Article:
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Last update: May 2021

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Ptichers Julie

Ptichers Julie
PhD student

Thesis defended on 14.12.2020

Topic: "Characterisation and use of the functional diversity of seed legumes for the design of sustainable agro-ecosystems under low input conditions "

Abstract :

Seed legumes are generally recognised for their many nutritional and environmental benefits. However, most of these species can be defined as orphan crops. This highlights the lack of data and knowledge about the diversity of legumes. The study of this diversity via the functional trait approach could guide the insertion of legumes in agroecosystems. The aim of this work was to synthesise current knowledge on the functional diversity of cultivated legumes at the interspecific level, as well as to generate new knowledge on the relationships between functional traits and agroecosystem functioning. We focused on a number of agro-ecosystem properties that we hypothesised to be good indicators of three important agro-ecosystem services related to food supply in low-input systems: dryland yield, nitrogen fixation and weed competitiveness. To do this, we combined methods and approaches from different disciplines: functional ecology, physiology and agronomy. We applied multivariate statistical methods to a database collected in the literature and then to original data collected during a field experiment to explore the relationships between traits and properties of agroecosystems in multiple environments (literature data) or under common and optimal environmental conditions (field experiment). An experiment under controlled conditions was also used to assess the effect of water deficit on key processes such as transpiration and biological nitrogen fixation. Our results highlighted the covariation structure as well as trade-offs between the properties supported by different legume species. Legume diversity was also described through functional traits. Leaf traits were highlighted as the main element of inter- and intra-species variability. The nitrogen content of plant organs and seeds was also an important factor in legume diversity. These traits were linked to agroecosystem properties. Although the latter can be predicted by multiple combinations of traits, it was possible to identify the LNC as an important indicator of agroecosystem properties. We compared different approaches (meta-analysis and experimental) and discussed intra-species variability. The controlled experiment revealed high intra- and interspecific variability in the response of nitrogen fixation and transpiration dynamics, as well as relationships between leaf traits, C/N metabolism and responses of growth, transpiration and N2 fixation to soil drying. We also discussed the intrinsic limitations of the trait-based approach and its potential for application in the design of diverse agroecosystems.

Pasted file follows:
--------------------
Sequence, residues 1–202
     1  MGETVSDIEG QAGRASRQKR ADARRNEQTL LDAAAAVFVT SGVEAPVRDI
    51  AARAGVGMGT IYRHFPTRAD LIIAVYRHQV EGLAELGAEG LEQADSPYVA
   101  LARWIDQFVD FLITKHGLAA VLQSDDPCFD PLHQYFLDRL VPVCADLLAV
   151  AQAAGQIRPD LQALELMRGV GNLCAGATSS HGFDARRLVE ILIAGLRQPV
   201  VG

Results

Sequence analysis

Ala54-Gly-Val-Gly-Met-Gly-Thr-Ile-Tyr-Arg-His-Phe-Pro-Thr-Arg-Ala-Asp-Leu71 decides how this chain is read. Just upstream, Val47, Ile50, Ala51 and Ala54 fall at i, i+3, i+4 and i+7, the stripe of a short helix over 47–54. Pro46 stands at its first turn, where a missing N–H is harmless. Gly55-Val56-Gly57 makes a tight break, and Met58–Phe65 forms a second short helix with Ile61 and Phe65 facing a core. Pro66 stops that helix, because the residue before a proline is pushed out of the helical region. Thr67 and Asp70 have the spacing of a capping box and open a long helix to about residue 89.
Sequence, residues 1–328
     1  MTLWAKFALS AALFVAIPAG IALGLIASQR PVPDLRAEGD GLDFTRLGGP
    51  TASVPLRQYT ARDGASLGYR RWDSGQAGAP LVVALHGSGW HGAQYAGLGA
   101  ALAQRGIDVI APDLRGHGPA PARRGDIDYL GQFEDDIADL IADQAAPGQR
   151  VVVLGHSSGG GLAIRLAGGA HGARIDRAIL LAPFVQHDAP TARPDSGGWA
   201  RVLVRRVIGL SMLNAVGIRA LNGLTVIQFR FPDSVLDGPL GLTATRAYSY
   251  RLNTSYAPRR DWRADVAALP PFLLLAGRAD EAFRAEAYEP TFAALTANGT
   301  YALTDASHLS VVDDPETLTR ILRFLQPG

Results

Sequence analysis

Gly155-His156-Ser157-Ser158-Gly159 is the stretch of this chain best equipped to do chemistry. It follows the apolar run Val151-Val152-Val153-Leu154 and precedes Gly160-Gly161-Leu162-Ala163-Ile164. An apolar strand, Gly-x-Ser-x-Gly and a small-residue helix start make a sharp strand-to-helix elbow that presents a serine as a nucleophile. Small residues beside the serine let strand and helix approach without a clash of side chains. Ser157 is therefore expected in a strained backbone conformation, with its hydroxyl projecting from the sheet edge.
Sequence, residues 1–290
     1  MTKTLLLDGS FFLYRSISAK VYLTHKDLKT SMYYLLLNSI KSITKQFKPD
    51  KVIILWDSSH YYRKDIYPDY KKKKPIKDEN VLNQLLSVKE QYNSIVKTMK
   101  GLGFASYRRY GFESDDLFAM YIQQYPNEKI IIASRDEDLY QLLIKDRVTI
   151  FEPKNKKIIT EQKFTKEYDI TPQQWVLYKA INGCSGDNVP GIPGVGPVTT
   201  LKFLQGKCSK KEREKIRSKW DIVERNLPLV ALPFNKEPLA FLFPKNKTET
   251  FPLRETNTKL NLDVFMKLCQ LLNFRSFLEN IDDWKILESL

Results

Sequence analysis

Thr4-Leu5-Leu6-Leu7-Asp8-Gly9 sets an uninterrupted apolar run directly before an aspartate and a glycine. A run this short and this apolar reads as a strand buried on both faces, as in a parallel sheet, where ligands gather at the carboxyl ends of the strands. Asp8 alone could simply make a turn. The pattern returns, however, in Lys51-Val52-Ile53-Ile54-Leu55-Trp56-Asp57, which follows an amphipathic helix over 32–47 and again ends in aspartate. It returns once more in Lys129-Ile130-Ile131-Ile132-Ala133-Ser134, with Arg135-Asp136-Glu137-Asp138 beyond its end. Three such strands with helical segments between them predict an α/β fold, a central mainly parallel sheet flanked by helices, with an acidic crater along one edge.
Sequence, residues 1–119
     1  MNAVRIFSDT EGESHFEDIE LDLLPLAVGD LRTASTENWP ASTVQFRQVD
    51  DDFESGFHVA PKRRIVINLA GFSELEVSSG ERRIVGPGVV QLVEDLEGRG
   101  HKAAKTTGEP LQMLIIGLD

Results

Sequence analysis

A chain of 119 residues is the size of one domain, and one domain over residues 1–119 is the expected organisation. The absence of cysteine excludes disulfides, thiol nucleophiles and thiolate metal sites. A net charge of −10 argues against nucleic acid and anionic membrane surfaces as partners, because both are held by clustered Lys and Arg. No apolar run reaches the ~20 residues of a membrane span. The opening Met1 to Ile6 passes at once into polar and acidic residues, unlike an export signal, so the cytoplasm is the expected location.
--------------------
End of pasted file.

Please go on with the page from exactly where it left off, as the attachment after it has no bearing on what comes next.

Jury :

Denis VILE - thesis director - CRCN - LEPSE, INRAE SupAgro
Marie-Hélène JEUFFROY - rapporteur - director of research - UMR Agronomie INRA-AgroParisTech
Alexandra JULLIEN - examiner - professor - ECOSYS - INRAE AgroParisTech
Guénaëlle CORRE-HELLOU - rapporteur - maître de conférences - USC LEVA, INRAE, Ecole Supérieure d’Agricultures
Cyrille VIOLLE  - examiner - research director- CEFE/CNRS
Hélène MARROU - examiner - assistant professor - University Mohammed VI Polytechnic